DR & PR at night

AlterEgo

Administrator
Staff member
Jan 9, 2009
20,008
1,304
113
South Coast
A photo is worth 1,000 words, click to enlarge:

15826388_10211839311758922_6366856451541364864_n.jpg
 

windeguy

Platinum
Jul 10, 2004
33,640
1,540
113
Glad I am in D.R. and not P.R.

And despite the lack of light, I do agree. Everything in life is a trade off. Living in PR is one that I had not really considered and after visiting PR that choice is off the table, light or not light.
 

bigbird

Gold
May 1, 2005
7,375
162
0
What does the photo proves?

Not sure if it was really meant to prove anything. I think everyone is aware of the luz problem in la rep dom but the darker areas seem to be less populated areas of the DR. Quite difficult for a single light bulb to penetrate a zinc roof.

 

the gorgon

Platinum
Sep 16, 2010
33,997
78
0
Not sure if it was really meant to prove anything. I think everyone is aware of the luz problem in la rep dom but the darker areas seem to be less populated areas of the DR. Quite difficult for a single light bulb to penetrate a zinc roof.


if it looks like that during the night, that is the way it looks during the day. it is mind boggling to contemplate the degree of lost productivity in these days of electrically powered capital goods.*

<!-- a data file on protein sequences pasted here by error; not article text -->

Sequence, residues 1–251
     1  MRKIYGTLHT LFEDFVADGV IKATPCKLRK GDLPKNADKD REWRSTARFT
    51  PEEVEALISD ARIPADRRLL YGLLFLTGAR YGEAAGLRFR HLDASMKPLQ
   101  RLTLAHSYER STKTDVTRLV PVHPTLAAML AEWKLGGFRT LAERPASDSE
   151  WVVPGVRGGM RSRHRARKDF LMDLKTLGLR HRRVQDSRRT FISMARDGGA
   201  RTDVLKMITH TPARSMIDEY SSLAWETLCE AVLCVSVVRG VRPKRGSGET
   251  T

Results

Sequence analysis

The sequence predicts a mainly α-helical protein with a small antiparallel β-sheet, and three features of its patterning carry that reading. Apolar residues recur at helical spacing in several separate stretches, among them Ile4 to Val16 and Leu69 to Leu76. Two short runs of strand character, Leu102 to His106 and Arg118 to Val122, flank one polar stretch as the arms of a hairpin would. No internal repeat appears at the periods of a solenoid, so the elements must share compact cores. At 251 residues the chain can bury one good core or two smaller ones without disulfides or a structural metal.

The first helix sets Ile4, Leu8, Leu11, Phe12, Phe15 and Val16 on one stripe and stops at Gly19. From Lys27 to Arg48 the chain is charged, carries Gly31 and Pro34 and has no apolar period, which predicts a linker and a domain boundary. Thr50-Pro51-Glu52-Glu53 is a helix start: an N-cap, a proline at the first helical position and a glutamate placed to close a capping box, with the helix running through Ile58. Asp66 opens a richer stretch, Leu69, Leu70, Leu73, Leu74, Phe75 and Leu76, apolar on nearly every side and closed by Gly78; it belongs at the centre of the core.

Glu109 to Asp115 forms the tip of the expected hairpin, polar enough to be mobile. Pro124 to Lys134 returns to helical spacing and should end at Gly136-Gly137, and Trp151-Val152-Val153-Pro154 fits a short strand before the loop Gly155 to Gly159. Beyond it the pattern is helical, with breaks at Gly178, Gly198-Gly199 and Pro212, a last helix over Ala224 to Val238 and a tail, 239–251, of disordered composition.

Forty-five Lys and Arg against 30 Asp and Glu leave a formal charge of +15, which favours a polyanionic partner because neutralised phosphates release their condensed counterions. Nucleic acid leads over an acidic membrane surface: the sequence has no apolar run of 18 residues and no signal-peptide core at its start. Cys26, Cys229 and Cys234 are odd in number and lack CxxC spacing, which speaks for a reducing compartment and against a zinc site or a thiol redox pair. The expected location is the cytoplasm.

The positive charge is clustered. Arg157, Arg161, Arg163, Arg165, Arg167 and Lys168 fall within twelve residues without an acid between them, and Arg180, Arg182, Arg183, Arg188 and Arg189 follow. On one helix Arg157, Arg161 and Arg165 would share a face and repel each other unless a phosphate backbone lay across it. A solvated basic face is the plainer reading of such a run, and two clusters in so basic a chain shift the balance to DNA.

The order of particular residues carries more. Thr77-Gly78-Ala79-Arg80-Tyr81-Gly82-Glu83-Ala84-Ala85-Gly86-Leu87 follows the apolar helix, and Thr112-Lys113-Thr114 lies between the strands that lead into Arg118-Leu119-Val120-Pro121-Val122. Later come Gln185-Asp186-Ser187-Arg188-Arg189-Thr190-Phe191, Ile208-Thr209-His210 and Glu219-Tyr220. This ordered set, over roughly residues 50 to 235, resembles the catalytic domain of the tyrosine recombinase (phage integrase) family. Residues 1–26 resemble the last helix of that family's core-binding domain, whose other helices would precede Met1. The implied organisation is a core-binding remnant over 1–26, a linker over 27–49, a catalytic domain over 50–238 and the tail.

london777

Bronze
Dec 22, 2005
774
18
18
if it looks like that during the night, that is the way it looks during the day. it is mind boggling to contemplate the degree of lost productivity in these days of electrically powered capital goods.*
Light that is visible from space is wasted light. The DR is to be congratulated on its energy conservation. Indeed, not expending energy is a Dominican characteristic.
 

the gorgon

Platinum
Sep 16, 2010
33,997
78
0
Light that is visible from space is wasted light. The DR is to be congratulated on its energy conservation. Indeed, not expending energy is a Dominican characteristic.

so you are suggesting that the people in the densely populated areas do not know how to conserve electricity, but those in the areas depicted on the map as lightless know how to.

all righty then.
 

the gorgon

Platinum
Sep 16, 2010
33,997
78
0
You like that?
Do you wake up , look in the mirror, and say, lemme find a simple thread on dr1 to pour gas on?

i fail to understand how suggesting that the absence of light might suggest an absence of electricity is pouring gas on a thread. maybe you are just looking to start a fight.
 

zoomzx11

Gold
Jan 21, 2006
7,613
255
83
Relax, it's tongue in cheek. It's not just the lack of lights in the night. It's the near total lack of basic services that can be maddening in the DR. I have never lived where you need to spend so much time and effort traipsing back and forth to offices in order to have electricity, water, cable tv, Internet and garbage collection. It nearly drove me mad until I gave in and accepted it, realizing there was absolutely nothing I could change other than my attitude. There are lots of other wonderful aspects of living in the DR that almost make the lack of services tolerable. My saving grace is that I have been told I do my best work in the dark.
 

Dolores1

DR1
May 3, 2000
8,216
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www.